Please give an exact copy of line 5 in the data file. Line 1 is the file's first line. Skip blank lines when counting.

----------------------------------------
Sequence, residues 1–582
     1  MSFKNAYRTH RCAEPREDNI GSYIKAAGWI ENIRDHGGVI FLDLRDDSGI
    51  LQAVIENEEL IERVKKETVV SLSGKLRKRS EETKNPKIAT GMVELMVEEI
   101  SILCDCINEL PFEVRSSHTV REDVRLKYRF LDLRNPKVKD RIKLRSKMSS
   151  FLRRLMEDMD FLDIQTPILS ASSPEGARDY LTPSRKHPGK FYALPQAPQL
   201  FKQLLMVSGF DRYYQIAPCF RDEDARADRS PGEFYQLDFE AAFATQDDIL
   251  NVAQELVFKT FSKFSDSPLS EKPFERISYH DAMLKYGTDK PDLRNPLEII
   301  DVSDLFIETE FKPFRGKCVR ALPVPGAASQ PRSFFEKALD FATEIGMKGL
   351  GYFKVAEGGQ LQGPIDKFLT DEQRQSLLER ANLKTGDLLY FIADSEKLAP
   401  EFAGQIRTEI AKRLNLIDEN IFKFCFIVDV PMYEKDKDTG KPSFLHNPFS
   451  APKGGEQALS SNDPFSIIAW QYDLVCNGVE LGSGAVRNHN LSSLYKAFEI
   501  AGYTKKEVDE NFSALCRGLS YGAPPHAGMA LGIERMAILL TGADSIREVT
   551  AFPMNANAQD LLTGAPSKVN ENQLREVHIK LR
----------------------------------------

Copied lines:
   151  FLRRLMEDMD FLDIQTPILS ASSPEGARDY LTPSRKHPGK FYALPQAPQL